FRESNO, Calif. (KSEE) – The epic scenic coast of Big Sur has its beauty unmatched. It is also home to the picture-perfect Andrew Molera State Park – inside the park lurks an invasive species, a plant that could overtake the natural ecosystem.
State Park Rangers like Sam Winter work to help rid the park of harmful species as they need help and often depend on volunteers like these students from Fresno County’s Coalinga High School.
“Nature Corp is out here with these students. They’re able to help provide some extra hands. It’s really that volunteer work that’s able to help us stay on top of some of these patches of mustard,” Sam Winter, Volunteer Coordinator at California State Park.
Coalinga High School students have volunteered with Nature Corp, a non-profit organization for six years. Biology teacher Jennifer Lucero believes it expands their educational experience.
“I think your education truly starts once you leave the four walls of the classroom. We can prep them inside the classroom, we can give them the tools and the knowledge but applying it happens outside of the classroom that’s why opportunities like this are so important,” said Jennifer Lucero, BiologyTeacher at Coalinga High School.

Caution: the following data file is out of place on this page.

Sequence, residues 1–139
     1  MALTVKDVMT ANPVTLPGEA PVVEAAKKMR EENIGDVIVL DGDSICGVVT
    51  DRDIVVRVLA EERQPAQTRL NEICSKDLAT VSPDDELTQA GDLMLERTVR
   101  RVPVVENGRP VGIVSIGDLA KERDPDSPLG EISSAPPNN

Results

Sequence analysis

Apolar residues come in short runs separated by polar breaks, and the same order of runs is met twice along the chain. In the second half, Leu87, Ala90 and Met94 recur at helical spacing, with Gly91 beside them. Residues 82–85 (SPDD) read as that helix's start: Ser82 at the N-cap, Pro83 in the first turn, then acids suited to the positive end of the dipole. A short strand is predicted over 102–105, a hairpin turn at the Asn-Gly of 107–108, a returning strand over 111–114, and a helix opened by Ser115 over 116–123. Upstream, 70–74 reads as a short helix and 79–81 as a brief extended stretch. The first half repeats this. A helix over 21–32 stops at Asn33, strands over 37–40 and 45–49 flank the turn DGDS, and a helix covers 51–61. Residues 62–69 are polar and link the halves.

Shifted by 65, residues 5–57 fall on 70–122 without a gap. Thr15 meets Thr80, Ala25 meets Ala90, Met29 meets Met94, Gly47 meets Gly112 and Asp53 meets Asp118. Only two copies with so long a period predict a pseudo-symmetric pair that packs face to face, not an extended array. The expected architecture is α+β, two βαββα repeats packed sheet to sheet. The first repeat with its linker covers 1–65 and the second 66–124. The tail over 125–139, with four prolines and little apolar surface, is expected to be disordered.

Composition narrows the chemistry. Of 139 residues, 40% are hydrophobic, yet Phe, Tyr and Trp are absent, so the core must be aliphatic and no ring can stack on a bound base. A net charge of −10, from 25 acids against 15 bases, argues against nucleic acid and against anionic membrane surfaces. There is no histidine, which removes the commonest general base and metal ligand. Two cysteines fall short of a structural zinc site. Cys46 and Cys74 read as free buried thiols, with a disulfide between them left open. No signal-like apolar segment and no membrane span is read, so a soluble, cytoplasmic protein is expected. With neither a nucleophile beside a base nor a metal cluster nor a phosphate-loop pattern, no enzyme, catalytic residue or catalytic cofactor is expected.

A partnership between Chevron, Nature Corp, and Coalinga High School makes it possible for the students to participate.
“A lot of the students haven’t had a chance to get out into nature and experience this. They get out here and they get to experience, wow, all these beautiful resources that we have here in Big Sur,” said Jeff Landon, Director of Operation, Nature Corp.
They learn a lot, about why the mustard plant is harmful and how to spot it and weed it out. For some students, it’s their first time on a camping trip, away from home.
“My first experience, this is magnificent. We went out to the beach yesterday that was really nice, it was so refreshing. The volunteer work is super fun tool,” said Kaley Osegueda, a Student at Coalinga High School.
Other students like Marlen Cathary have volunteered before her experience is so rewarding, that she hopes to find a way to continue after she graduates.
“I think my love for helping out and the nature, just connecting with it and being able to return just a little bit of everything that they give us,” said Marlen Cathary a Student at Coalinga High School.